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Omnichannel messaging APIs still far off for CPaaS users
Omnichannel is not just a buzzword, but in some ways, it feels elusive. Omnichannel messaging APIs in CPaaS, in particular, are facing some adoption issues.
Messaging applications continue to infiltrate the B2C communications market. This trend spotlights omnichannel APIs for communications platform as a service, or CPaaS, which integrates cloud-based communications with business workflows.
As consumers and businesses rely more on SMS and other text-based messaging, organizations need to decide whether to add APIs for each new messaging service or investigate omnichannel options. Omnichannel messaging APIs enable businesses to communicate with customers across multiple messaging apps, such as Apple Business Chat, Facebook Messenger and WhatsApp, using a single integrated interface.
A single interface that can manage multiple messaging applications might be the answer to corral all the communications. However, omnichannel messaging APIs have some hurdles to overcome.
Omnichannel messaging still more dream than reality
"We are still early on in the march toward omnichannel," said Tsahi Levent-Levi, analyst and founder of BlogGeek. "Early adopters are developing omnichannel capabilities in-house or acquiring capabilities, like Zendesk did with Smooch."
In some markets, omnichannel messaging APIs have flourished. East Asian markets, for example, have moved toward replacing most communications with messaging platforms, such as WhatsApp. The move toward messaging as a central form of communication has sparked interest in omnichannel messaging APIs from vendors such as Gupshup that provide a single interface that manages multiple messaging applications.
North American and European markets have not been as quick to replace other forms of communication, such as calling and email. For these markets, email and calling are still primary methods of communication, and messaging is seen as an additional communication mode rather than a replacement, Levent-Levi said. However, younger workers are gravitating toward messaging as their preferred communication method.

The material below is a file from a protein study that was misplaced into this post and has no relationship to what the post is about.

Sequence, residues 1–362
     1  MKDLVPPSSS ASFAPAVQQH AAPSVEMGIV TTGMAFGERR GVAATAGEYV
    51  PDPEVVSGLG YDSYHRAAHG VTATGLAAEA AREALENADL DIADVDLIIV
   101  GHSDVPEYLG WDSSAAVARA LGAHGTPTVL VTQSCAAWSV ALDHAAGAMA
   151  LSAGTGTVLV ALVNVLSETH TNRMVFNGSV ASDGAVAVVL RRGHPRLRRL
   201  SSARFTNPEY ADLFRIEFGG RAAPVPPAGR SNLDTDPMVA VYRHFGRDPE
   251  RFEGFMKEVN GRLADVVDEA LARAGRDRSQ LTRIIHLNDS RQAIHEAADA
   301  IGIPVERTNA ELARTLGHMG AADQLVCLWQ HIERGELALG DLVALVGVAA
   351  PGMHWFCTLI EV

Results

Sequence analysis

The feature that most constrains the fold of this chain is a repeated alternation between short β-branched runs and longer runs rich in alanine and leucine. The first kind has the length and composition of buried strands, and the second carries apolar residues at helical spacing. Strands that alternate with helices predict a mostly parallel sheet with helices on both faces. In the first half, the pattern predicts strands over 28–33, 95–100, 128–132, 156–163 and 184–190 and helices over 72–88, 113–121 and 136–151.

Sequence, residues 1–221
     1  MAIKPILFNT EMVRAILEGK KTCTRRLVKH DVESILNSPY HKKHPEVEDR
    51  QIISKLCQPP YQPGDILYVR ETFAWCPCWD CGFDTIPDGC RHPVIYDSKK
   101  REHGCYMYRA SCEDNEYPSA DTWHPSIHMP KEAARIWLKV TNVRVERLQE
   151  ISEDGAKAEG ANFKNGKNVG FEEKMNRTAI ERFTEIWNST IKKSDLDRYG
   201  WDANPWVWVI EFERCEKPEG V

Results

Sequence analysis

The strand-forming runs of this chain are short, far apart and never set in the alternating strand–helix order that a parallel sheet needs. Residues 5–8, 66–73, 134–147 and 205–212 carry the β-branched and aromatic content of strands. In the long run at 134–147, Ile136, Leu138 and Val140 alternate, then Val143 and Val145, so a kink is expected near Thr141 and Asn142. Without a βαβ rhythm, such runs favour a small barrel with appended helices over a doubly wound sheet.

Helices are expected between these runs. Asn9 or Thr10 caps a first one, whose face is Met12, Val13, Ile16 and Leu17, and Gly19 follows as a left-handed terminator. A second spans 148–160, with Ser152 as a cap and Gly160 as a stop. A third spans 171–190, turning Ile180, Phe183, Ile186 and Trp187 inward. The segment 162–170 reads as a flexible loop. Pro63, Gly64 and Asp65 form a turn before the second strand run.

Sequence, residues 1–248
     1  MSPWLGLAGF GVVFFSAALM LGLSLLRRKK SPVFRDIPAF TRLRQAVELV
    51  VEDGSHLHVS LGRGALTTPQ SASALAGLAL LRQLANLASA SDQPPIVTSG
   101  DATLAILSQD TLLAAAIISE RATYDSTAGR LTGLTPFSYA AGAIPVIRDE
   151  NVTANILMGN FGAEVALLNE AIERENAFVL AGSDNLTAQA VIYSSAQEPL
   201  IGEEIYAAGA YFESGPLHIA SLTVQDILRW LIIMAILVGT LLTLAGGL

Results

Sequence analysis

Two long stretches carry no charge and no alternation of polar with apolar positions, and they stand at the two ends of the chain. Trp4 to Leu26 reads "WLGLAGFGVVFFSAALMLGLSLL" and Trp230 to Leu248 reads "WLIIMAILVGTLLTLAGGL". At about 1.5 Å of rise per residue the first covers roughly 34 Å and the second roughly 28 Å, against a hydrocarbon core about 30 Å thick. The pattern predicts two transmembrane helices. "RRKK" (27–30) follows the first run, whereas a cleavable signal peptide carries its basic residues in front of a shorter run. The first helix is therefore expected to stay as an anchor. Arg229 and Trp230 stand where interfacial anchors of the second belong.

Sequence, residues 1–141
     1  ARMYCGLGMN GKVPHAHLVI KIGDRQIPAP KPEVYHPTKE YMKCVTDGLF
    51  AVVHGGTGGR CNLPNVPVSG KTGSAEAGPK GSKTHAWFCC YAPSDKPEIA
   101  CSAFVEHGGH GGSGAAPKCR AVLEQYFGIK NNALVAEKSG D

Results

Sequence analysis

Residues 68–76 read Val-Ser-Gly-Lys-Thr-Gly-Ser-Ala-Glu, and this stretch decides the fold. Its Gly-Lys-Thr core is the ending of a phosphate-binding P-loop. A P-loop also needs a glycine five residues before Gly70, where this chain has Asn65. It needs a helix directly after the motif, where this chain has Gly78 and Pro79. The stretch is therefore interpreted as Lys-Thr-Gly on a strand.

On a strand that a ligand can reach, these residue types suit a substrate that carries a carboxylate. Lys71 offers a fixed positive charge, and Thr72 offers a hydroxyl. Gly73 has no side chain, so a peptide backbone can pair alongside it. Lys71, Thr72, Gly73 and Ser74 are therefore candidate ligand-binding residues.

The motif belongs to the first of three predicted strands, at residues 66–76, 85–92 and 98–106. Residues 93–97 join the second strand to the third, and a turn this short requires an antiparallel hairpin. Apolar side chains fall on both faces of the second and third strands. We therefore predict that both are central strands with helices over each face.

"Messaging for Generation Z is the native communication," said Robert Chen, CEO of Brightlink, a cloud communications provider based in Atlanta. "Many customers and consumers want to interact with businesses, and they want to use text to do it."
Adding more APIs to CPaaS each time a new messaging app surfaces can quickly become cumbersome. Simple navigation and management within the CPaaS environment are two of the benefits of an omnichannel interface, and over time, more organizations could opt for omnichannel APIs, Levent-Levi said.
In-house developed tools vs. prebuilt tools
One struggle for organizations looking for omnichannel messaging is the limited offerings from CPaaS providers. A lack of availability means organizations that have specific needs for omnichannel messaging may need a developer to build an API with the desired functionality.
However, as more organizations adopt CPaaS, fewer organizations are looking to develop tools in-house. Instead, many are looking for prebuilt tools and APIs, Chen said.
"Everyone seems to be moving away from using only APIs, and more noncoders are getting involved. So, we're seeing vendors offering prebuilt tools," Chen said.
The desire for prebuilt tools and the lack of options for omnichannel tools mean it will likely be a while before omnichannel APIs are the go-to option for CPaaS platform messaging application integrations.
APIs deliver more than just integrated messaging for CPaaS. In some ways, APIs and CPaaS broaden the scope of what is possible for communications. Organizations can use CPaaS capabilities to reach out to customers and users in their preferred communication channel.
The trend is toward multiple points of engagement. As a result, CPaaS providers offer tools that enable SMS for any number -- landline or mobile -- giving users more control over how they wish to interact with businesses.